Tangential Tidbit - Justin will be focusing on Wagn now. After he spent a few months working hard to secure funding for Hooze, we have made the sad but we think good decision to let Hooze go. We may come back to a project like that later, but it would be a fresh start.

Wagn 0.10 and beyond

We're very excited about the incremental releases we've made since Wagn 0.10. Wagn 0.10+2 introduces a new look — cleaner, bolder, less busy (what do you think?); we appreciate Paul Bloch's mockup for getting this started. With Wagn 0.10+3 we're taking compatibility more seriously — we're already well on our way to having things look good and work properly in Internet Explorer and Safari, and have started on Google's new Chrome browser too.


There are a bunch of changes that came with Wagn 0.10 that we want to share with you too, from the technical — we're compatible with Rails 2 — to the spectacular:

HTML cards are as powerful as the web itself, making it possible to embed videos, Twitter feeds, live chats, and any other web service that's out there directly into a Wagn card. Welcome, YouTube:

expand_less monster video

Shiny Happy Monsters


We also upgraded the text editor (now using TinyMCE). This made it possible for editing to work well in Safari, and handles a bunch of other longstanding annoyances, for example now you can resize text boxes. There's no link editor for now, so linking means learning to use double brackets.


Wagn is easier to customize now — you can decide what information will be requested of new users and what their welcome email will look like, and changing the sidebar is now as simple as editing *sidebar. These and other configuration cards which let you control the site logos, the Wagn's home page, etc. can be gathered into a Config card.


We changed names from "template" to "form" for talking about the cards that can control other cards' layout, card type, default permissions, etc. We also separated the two ways a form is applied — instead of using +*template cards in all cases, we now use +*tform cards for forms that are applied based on a card's Type, or *rform for forms that are applied based on the Right-most part of a card's name. (((((We also came up with more ways to apply forms — a given pattern of cardtype-cardtype or cardtype-rightside can now determine a card's form. ??not done yet, check)))))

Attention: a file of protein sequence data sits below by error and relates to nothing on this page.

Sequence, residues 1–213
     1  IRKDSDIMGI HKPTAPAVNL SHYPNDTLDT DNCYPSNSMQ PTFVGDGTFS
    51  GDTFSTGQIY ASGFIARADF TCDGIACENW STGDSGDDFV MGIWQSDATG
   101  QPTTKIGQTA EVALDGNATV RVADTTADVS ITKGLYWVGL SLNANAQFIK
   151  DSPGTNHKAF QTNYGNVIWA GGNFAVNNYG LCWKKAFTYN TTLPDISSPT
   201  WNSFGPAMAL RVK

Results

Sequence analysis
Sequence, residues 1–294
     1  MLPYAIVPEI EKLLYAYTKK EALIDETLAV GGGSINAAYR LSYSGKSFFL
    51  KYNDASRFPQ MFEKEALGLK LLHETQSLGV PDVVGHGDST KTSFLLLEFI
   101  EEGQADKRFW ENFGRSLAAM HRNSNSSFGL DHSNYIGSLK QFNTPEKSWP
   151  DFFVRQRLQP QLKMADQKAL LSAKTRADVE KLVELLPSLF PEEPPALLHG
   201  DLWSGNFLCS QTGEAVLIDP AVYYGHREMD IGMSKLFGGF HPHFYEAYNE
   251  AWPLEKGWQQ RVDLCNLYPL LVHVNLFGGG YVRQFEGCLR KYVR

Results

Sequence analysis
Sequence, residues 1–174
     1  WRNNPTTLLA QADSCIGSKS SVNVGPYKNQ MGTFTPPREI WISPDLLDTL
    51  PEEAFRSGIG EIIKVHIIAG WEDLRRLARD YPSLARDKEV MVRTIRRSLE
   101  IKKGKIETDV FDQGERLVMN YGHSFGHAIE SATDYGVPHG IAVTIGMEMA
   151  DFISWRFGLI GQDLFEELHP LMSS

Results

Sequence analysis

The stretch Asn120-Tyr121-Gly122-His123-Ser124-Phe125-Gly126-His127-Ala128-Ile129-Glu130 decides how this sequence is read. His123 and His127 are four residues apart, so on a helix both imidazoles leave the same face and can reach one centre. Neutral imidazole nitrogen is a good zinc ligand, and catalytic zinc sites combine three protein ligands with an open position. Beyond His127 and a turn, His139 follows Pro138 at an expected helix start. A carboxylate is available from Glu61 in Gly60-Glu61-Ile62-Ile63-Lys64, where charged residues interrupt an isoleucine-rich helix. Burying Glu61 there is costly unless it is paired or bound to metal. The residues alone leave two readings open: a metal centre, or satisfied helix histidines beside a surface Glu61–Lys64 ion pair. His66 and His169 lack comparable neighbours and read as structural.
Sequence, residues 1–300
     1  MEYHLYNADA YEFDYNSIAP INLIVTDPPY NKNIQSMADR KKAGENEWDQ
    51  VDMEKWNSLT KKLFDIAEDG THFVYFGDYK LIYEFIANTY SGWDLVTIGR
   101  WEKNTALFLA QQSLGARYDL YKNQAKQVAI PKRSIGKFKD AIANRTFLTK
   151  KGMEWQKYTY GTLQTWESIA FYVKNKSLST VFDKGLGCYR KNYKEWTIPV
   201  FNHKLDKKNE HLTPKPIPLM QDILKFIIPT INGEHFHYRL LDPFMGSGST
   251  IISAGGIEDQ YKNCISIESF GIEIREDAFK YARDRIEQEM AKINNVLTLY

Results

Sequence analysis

You can now set the view of cards returned by a Search when you include a Search card. Until now they could only be in closed view. See "Specifying view of cards in lists" on inclusion for more details and an example.


In inclusion and WQL, you can now use _self to reference a card's name. On a compound names you can also use _left or _right to reference the names of a card's left and right parts. For more on both of these, see contextual references. This can be combined very powerfully with HTML cards and web services, sending variables based on the name of the card you're in to get back appropriate information for the context — you can see this in action at Connectipedia. The map, chart and tables there are pulled in from DataPlace, using an HTML card with an iframe with src="http://{ {Dataplace+uri base|raw} }table/{ {_left|name} }" (similarly, the link is generated with [ [http://{ {Dataplace+uri base|raw}}table/{ {_left|name} }|table] ] )


Simpler web addresses for searches and new cards — see web address for everything.